Permanent URL to this publication: http://dx.doi.org/10.5167/uzh-17583
Spichtig, S; Hornung , R; Brown, DW; Haensse, D; Wolf, M (2009). Multifrequency frequency-domain spectrometer for tissue analysis. Review of Scientific Instruments, 80 (2):024301 .
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In this paper we describe the modification and assessment of a standard multidistance frequency-domain near infrared spectroscopy (NIRS) instrument to perform multifrequency frequency-domain NIRS measurements. The first aim of these modifications was to develop an instrument that enables measurement of small volumes of tissue such as the cervix, which is too small to be measured using a multidistance approach. The second aim was to enhance the spectral resolution to be able to determine the absolute concentrations of oxy-, deoxy- and total hemoglobin, water, and lipids. The third aim was to determine the accuracy and error of measurement of this novel instrument in both in vitro and in vivo environments. The modifications include two frequency synthesizers with variable, freely adjustable frequency, broadband high-frequency amplifiers, the development of a novel avalanche photodiode (APD) detector and demodulation circuit, additional laser diodes with additional wavelengths, and a respective graphic user interface to analyze the measurements. To test the instrument and algorithm, phantoms with optical properties similar to those of biological tissue were measured and analyzed. The results show that the absorption coefficient can be determined with an error of <10%. The error of the scattering coefficient was <31%. Since the accuracy of the chromophore concentrations depends on the absorption coefficient and not on the scattering coefficient, the <10% error is the clinically relevant parameter. In addition, the new APD had similar accuracy as the standard photomultiplier tubes. To determine the accuracy of chromophore concentration measurements we employed liquid Intralipid® phantoms that contained 99% water, 1% lipid, and an increasing concentration of hemoglobin in steps of 0.010 mM. Water concentration was measured with an accuracy of 6.5% and hemoglobin concentration with an error of 0.0024 mM independent of the concentration. The measured lipid concentration was negative, which shows that the current setup is not suitable for measuring lipids. Measurements on the forearm confirmed reasonable values for water and hemoglobin concentrations, but again not for lipids. As an example of a future application, chromophore concentrations in the cervix were measured and comparable values to the forearm were found. In conclusion the modified instrument enables measurement of water concentration in addition to oxy- and deoxyhemoglobin concentrations with a single source-detector distance in small tissue samples. Future work will focus on resolving the lipid component.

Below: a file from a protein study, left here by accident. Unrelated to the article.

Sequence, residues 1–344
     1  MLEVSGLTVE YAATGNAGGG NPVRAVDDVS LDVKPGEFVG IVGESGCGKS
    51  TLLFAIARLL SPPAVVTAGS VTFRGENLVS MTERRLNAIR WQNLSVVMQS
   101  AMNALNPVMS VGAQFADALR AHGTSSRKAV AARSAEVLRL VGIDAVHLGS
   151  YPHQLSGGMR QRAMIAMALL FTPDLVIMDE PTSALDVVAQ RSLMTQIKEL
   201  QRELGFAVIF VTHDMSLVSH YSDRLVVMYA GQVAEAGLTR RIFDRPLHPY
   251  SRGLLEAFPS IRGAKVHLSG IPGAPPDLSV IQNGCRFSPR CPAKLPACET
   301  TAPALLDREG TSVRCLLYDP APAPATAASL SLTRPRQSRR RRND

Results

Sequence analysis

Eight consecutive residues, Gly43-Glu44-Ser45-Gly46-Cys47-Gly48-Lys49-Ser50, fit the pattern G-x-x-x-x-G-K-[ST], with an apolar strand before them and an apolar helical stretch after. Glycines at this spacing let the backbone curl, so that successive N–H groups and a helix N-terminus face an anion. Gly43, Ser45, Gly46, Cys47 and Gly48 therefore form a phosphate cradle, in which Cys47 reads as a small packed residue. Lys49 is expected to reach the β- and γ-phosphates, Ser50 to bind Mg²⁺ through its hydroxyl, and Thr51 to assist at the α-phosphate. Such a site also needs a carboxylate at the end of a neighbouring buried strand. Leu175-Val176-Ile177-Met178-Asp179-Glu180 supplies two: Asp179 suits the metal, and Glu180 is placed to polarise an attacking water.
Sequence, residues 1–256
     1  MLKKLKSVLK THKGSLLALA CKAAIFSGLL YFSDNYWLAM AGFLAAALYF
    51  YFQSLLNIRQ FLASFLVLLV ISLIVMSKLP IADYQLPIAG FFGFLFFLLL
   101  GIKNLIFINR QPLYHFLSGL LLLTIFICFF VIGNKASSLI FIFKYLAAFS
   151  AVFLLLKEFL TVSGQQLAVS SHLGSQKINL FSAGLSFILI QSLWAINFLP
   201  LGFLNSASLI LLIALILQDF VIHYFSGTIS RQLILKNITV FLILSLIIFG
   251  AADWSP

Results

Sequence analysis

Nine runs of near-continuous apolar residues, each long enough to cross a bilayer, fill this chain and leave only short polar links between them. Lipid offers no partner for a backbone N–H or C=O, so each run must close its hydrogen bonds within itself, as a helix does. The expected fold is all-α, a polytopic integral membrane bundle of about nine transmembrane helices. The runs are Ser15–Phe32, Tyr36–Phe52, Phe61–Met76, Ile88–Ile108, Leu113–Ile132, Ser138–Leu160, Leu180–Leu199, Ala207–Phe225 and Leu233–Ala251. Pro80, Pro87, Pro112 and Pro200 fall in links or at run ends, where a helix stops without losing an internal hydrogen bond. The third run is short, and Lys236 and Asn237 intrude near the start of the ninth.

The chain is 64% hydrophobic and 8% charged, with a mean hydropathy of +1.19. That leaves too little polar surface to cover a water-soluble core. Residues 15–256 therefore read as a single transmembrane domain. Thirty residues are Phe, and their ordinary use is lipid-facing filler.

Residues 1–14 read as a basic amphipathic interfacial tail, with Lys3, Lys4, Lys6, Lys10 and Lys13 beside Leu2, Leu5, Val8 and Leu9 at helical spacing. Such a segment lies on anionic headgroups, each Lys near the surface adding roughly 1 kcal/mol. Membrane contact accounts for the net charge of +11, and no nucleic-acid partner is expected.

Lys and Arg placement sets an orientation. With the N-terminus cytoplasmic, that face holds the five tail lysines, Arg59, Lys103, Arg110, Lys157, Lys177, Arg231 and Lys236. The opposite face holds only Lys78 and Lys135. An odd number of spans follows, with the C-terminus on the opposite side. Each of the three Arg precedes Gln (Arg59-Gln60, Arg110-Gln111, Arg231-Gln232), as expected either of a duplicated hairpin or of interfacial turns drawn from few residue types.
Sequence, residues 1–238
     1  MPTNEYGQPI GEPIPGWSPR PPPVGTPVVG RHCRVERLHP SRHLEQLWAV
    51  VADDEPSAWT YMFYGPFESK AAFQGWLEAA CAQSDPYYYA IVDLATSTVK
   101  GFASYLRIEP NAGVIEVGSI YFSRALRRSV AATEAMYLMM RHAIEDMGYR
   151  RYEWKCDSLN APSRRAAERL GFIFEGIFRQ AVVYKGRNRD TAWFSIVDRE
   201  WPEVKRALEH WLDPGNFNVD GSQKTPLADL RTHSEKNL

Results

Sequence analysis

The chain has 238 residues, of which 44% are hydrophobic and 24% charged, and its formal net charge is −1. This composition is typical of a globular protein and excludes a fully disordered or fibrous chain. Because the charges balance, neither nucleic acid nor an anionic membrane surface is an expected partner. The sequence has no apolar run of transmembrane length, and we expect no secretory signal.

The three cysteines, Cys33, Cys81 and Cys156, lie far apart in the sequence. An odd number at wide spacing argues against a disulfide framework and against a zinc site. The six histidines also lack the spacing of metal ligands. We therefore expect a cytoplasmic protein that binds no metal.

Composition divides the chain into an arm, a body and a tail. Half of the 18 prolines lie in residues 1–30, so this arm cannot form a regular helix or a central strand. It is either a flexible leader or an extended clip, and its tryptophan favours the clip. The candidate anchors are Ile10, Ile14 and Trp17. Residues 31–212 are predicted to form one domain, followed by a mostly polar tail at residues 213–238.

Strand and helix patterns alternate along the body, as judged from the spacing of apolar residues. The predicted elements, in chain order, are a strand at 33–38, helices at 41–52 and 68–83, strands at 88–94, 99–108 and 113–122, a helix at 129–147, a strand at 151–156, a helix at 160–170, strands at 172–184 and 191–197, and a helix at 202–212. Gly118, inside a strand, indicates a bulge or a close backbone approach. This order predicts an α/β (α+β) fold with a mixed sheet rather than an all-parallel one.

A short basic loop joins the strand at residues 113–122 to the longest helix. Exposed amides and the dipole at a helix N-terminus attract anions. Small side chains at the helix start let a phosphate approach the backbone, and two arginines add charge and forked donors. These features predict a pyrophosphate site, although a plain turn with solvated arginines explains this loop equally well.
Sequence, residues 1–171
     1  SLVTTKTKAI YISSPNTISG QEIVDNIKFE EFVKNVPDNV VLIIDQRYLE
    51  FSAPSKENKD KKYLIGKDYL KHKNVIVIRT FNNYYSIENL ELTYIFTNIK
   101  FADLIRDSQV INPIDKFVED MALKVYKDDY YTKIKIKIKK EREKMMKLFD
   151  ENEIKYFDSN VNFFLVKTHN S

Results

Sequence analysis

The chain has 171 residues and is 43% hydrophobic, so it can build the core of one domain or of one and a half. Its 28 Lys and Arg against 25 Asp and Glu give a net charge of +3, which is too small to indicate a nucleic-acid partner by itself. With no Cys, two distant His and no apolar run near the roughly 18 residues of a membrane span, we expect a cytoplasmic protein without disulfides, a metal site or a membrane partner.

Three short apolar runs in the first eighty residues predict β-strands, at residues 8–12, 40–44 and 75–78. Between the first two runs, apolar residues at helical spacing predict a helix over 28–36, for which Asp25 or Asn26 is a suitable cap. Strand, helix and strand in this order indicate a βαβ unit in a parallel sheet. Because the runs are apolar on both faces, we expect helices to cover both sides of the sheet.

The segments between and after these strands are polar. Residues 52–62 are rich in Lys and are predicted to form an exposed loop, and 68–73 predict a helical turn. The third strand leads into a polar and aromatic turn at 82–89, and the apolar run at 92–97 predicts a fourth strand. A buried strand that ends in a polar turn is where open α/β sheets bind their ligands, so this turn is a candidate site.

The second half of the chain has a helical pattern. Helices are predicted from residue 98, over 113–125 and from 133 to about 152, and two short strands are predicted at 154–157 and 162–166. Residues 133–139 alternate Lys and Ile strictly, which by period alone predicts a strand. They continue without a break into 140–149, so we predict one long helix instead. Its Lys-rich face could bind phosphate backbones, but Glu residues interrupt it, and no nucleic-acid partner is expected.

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|Item Type:||Journal Article, refereed, original work|
|Communities & Collections:||04 Faculty of Medicine > University Hospital Zurich > Clinic for Neonatology|
|DDC:||610 Medicine & health|
|Deposited On:||30 Mar 2009 09:17|
|Last Modified:||23 Dec 2012 12:05|
|Publisher:||American Institute of Physics|
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